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FASTLANE II: Reducing Sex, Drug, and Mental Health Risk (FLII)

The safety and scientific validity of this study is the responsibility of the study sponsor and investigators. Listing a study does not mean it has been evaluated by the U.S. Federal Government. Know the risks and potential benefits of clinical studies and talk to your health care provider before participating. Read our disclaimer for details.
 
ClinicalTrials.gov Identifier: NCT04109014
Recruitment Status : Not yet recruiting
First Posted : September 30, 2019
Last Update Posted : October 1, 2019
Sponsor:
Collaborator:
University of California, San Diego
Information provided by (Responsible Party):
Alice Cepeda, University of Southern California

Brief Summary:
The study uses a repeated measures, single group pretest-posttest design methodology to examine the feasibility, acceptability, and preliminary effectiveness of the FASTLANE II intervention aimed at decreasing risky sex behaviors among active methamphetamine using women. The study's methodology consists of two phases: 1) The feasibility and evaluation of recruitment capability and intervention effectiveness, and 2) qualitative acceptability interviews.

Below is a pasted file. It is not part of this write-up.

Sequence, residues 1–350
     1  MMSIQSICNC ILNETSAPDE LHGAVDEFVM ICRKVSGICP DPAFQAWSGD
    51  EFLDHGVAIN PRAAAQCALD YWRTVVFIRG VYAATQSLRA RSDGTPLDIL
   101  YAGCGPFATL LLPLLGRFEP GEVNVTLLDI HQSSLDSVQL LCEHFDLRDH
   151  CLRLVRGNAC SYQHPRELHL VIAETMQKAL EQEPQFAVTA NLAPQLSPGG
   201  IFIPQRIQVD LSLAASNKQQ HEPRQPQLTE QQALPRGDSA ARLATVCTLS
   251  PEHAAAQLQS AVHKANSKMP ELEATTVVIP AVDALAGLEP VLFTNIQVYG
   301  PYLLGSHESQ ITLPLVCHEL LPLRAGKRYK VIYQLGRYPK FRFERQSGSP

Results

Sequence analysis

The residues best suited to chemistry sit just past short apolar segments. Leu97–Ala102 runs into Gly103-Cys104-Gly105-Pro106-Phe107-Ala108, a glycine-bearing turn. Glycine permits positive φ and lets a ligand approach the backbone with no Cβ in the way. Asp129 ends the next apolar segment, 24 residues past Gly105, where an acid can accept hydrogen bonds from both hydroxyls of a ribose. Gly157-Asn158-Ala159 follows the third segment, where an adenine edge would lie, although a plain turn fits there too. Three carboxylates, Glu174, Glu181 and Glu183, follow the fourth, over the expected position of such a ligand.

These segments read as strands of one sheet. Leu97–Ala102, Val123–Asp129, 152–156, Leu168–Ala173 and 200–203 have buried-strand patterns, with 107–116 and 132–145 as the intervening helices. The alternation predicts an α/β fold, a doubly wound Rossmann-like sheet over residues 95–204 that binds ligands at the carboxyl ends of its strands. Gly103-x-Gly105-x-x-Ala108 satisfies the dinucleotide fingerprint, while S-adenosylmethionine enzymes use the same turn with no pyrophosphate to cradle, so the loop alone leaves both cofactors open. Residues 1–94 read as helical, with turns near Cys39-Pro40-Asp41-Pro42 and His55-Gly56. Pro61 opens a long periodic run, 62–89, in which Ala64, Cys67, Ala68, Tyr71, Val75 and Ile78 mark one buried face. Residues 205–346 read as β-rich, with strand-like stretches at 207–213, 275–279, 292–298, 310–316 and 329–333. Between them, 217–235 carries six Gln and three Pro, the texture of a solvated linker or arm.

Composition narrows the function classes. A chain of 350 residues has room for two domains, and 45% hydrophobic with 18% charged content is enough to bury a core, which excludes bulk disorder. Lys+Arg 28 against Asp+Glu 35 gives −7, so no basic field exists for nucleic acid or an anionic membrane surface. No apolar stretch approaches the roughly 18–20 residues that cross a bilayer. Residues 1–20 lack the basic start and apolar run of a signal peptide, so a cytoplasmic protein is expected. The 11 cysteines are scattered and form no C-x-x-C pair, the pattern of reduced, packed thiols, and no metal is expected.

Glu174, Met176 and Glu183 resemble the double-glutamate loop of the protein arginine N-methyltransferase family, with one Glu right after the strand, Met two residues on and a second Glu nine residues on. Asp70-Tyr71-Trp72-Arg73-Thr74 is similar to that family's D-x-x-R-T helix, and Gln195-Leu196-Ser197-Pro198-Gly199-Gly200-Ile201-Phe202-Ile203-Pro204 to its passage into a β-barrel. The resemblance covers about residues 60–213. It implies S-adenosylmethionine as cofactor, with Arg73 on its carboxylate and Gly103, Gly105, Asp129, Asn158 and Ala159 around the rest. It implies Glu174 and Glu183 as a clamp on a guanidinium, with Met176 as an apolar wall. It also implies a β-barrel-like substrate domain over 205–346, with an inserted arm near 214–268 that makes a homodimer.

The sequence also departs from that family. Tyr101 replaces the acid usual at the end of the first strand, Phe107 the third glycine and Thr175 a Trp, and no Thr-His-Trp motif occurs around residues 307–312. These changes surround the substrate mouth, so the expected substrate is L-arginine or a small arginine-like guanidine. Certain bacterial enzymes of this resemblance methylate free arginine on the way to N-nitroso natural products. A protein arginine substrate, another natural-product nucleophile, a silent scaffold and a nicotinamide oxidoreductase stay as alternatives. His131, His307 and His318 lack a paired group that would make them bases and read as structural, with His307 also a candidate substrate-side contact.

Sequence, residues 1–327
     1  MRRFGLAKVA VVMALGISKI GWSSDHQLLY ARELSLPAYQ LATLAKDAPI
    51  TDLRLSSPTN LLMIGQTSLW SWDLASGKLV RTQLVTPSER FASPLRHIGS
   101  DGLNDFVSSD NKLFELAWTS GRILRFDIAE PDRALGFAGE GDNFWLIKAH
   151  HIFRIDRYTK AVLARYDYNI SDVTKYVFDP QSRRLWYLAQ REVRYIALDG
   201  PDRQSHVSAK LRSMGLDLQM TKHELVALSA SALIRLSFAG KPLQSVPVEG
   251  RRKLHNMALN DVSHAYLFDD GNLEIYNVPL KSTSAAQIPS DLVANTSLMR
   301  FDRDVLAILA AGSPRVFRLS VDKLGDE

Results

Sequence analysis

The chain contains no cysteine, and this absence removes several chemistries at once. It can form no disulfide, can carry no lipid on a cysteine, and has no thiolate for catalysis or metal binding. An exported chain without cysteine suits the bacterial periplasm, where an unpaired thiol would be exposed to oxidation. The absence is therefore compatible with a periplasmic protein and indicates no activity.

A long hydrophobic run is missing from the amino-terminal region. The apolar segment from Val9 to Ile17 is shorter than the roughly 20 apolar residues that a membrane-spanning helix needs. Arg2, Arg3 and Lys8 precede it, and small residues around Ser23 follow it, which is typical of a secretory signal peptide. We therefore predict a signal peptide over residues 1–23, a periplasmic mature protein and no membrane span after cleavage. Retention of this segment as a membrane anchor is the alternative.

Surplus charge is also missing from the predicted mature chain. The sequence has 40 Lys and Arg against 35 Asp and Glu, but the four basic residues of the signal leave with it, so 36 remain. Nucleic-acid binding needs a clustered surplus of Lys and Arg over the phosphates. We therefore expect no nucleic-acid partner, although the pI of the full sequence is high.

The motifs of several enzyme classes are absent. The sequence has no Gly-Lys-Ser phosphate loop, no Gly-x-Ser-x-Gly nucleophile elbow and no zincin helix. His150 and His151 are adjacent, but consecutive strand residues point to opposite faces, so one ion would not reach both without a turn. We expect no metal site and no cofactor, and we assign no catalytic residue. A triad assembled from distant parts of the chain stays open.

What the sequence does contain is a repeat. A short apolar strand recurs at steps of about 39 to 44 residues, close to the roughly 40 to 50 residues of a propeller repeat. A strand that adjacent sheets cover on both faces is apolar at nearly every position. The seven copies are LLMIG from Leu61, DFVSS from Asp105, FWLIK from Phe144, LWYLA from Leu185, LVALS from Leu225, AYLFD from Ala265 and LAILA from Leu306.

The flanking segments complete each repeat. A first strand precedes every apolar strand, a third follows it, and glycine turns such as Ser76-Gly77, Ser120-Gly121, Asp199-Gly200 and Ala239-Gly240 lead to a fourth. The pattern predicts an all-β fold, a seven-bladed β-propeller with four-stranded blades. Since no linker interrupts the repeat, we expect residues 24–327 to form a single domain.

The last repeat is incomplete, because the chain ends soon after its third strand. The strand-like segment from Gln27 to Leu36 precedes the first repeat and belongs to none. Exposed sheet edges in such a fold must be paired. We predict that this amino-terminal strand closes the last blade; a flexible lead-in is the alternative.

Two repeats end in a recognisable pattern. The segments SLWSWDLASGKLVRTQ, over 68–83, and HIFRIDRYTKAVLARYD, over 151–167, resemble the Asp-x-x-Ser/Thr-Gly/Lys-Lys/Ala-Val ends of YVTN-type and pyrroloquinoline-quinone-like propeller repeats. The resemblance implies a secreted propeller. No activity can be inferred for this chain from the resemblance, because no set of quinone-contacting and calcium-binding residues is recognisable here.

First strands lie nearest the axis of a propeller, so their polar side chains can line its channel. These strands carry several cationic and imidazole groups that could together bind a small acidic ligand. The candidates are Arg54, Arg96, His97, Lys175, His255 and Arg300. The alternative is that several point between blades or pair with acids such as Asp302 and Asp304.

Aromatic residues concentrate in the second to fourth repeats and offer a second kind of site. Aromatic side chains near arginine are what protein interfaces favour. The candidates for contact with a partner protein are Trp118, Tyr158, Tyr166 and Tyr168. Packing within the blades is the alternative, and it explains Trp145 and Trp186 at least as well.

Condition or disease Intervention/treatment Phase
Methamphetamine Abuse HIV/AIDS Depression Sex, Unsafe Other: FASTLANE II Not Applicable

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Study Type : Interventional  (Clinical Trial)
Estimated Enrollment : 40 participants
Intervention Model: Single Group Assignment
Intervention Model Description: Quasiexperimental, single group pretest-posttest study design and qualitative interviews to evaluate feasibility, acceptability and effect.
Masking: None (Open Label)
Primary Purpose: Prevention
Official Title: Depression, Meth Use, and Safe Sex Behaviors: Assessing the Feasibility and Acceptability of an HIV Cognitive Behavioral Intervention for Young Adult Latina Women
Estimated Study Start Date : November 2020
Estimated Primary Completion Date : November 2021
Estimated Study Completion Date : November 2021

Resource links provided by the National Library of Medicine

MedlinePlus related topics: Methamphetamine

Arm Intervention/treatment
FASTLANE II Group